Comments on GPLv3
by Lawrence Rosen
Many long months ago I committed to help Eben Moglen and his colleagues at the Free Software Foundation and the Software Freedom Law Center write a better license than GPLv2. They have done so and I applaud their efforts. GPLv3 is clearer about its purposes and effects than its predecessor. It is a legal document intended to be honored and obeyed, and so I am glad that we can now know more precisely what is permitted and what is prohibited under its terms.
FSF’s software and certainly much other software will soon be available for free under the terms of GPLv3. In some respects, GPLv3 is like all other licenses imposed upon the world by the owners of intellectual property. There is not a public domain commons of software that runs commerce worldwide; it is software that is available by the goodwill of its owners and licensed to recipients under terms stated. In the United States there is a foundational legal principle of “freedom to contract [or license] under any terms you want,” and GPLv3 takes full advantage of that principle to build a collection of free software available to all under copyleft terms.
But that GPLv3 software isn’t the only such collection of free software in the world. Many distributors, including most prominently the Apache, Eclipse, Mozilla and Perl foundations, have their own licenses and their own collections of software. I support the work of those other foundations also. The very first sentence of GPLv3 summarizes it nicely: “The GNU General Public License is a free, copyleft license for software and other kinds of works.” Notice that the license doesn’t claim to be “the” license, or “the best license for all purposes.” The GPLv3 license is merely (but emphatically!) the next generation of a leading member of a community of licenses for free and open source software.
GPLv3 is a statement of the rules by which certain owners of software will distribute their works. From my perspective, it is a far better license for those purposes than many other licenses, although you probably will not be surprised to learn that I still prefer my own Open Software License (OSL 3.0). No single license can satisfy everyone. Richard Stallman and the FSF are entitled to the terms and conditions they believe in—to satisfy their own goals and purposes—for their own intellectual property. They are entitled to this, just as my other friends and colleagues in the community are entitled to their open source licenses, indeed just as the owners of intellectual property are entitled to license it under proprietary terms if they wish.
My major objective when I agreed (many long months ago) to help Eben Moglen and Richard Fontana on Committee A was to ensure that GPLv3 played well in the entire ecosystem of free and open source software. I define those terms more broadly than some in FSF, but I specifically include software available for free under very generous terms from the Apache Software Foundation. By way of disclosure, I am an attorney representing the Apache Software Foundation. License compatibility between GPLv3 and the Apache License was as important to my clients as it was to Richard Stallman.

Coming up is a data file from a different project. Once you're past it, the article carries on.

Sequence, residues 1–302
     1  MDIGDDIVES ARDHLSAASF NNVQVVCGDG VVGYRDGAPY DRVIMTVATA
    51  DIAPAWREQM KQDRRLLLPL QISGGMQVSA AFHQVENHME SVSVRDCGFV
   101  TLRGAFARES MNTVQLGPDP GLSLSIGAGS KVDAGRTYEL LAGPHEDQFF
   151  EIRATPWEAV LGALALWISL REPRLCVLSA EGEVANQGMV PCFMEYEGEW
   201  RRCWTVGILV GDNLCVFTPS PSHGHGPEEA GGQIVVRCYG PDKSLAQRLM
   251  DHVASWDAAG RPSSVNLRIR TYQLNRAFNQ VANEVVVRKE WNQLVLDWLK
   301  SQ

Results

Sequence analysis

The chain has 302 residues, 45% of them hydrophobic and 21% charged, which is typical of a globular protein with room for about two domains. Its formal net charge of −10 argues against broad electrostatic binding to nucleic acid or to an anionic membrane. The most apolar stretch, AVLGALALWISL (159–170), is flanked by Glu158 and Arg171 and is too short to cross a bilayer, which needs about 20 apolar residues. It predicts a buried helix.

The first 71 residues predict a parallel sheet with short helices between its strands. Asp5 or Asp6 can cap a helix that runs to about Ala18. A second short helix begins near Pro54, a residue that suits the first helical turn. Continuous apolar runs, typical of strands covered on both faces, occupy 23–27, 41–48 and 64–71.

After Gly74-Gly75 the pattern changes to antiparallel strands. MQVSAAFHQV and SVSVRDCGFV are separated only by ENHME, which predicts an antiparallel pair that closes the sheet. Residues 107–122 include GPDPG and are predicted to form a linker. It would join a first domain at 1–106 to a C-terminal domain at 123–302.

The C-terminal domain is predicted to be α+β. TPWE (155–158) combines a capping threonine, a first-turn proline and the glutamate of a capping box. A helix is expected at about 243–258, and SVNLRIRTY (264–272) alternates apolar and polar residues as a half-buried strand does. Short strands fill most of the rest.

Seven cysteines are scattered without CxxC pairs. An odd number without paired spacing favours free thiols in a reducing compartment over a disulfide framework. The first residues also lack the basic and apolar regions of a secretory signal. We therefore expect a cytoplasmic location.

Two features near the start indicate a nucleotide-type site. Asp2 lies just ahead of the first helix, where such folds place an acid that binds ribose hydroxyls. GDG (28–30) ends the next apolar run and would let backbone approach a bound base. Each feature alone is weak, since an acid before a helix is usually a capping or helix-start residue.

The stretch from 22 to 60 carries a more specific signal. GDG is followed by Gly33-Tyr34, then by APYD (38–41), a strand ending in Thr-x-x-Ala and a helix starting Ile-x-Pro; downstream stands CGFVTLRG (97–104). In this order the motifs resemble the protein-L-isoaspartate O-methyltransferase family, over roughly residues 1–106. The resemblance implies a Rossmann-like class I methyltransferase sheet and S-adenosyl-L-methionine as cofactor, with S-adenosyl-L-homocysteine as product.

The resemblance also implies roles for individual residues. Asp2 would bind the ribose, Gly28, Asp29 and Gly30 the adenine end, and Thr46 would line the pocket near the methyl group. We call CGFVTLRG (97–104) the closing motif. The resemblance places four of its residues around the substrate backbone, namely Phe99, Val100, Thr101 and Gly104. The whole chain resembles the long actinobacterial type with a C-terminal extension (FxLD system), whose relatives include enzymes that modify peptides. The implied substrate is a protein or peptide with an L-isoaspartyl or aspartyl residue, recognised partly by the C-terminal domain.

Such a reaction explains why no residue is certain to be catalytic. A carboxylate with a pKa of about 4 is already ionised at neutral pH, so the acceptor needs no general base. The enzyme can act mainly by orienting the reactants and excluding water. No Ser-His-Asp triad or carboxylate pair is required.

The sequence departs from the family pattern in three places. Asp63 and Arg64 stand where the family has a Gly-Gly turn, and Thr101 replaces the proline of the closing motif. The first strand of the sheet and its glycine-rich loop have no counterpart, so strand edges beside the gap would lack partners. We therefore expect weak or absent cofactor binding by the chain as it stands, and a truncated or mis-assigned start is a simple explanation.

Apache software can now be included in GPLv3 projects. I’m particularly delighted that these two large communities are now able to work together compatibly in this way!
More broadly to my satisfaction, though, the GPLv3 license contains clearer language that will encourage its software to be used in “aggregations” (what in United States law we call “compilations” or “collective works”) that include many independent works. Computer professionals will better understand these independent works as modules of code, so I’ll use that word instead. As long as those modules are independent works under copyright law, and as long as their own independent licenses allow this to be done, verbatim copies of those modules can be combined to build larger systems of increasing sophistication and breadth. GPLv3, as I now read Draft 4 the license, allows that.
I have long counseled that GPLv2 allowed that result also, but some argued otherwise. All the FUD that I and others have spread over the years about linking—static, dynamic, otherwise—didn’t help matters much. This argument can be replaced now by intelligent conversation about the actual words of GPLv3, which I understand to allow aggregations of verbatim copies of independently-written modules taken from the worldwide portfolio of free and open source software. I have always read the Open Source Definition as mandating that open source licenses permit the copying and distribution of verbatim copies including for collective works, and this added clarity in GPLv3 supports that interpretation. Perhaps now our software commons is vastly larger for collecting independent open source modules into interoperating solutions for our customers.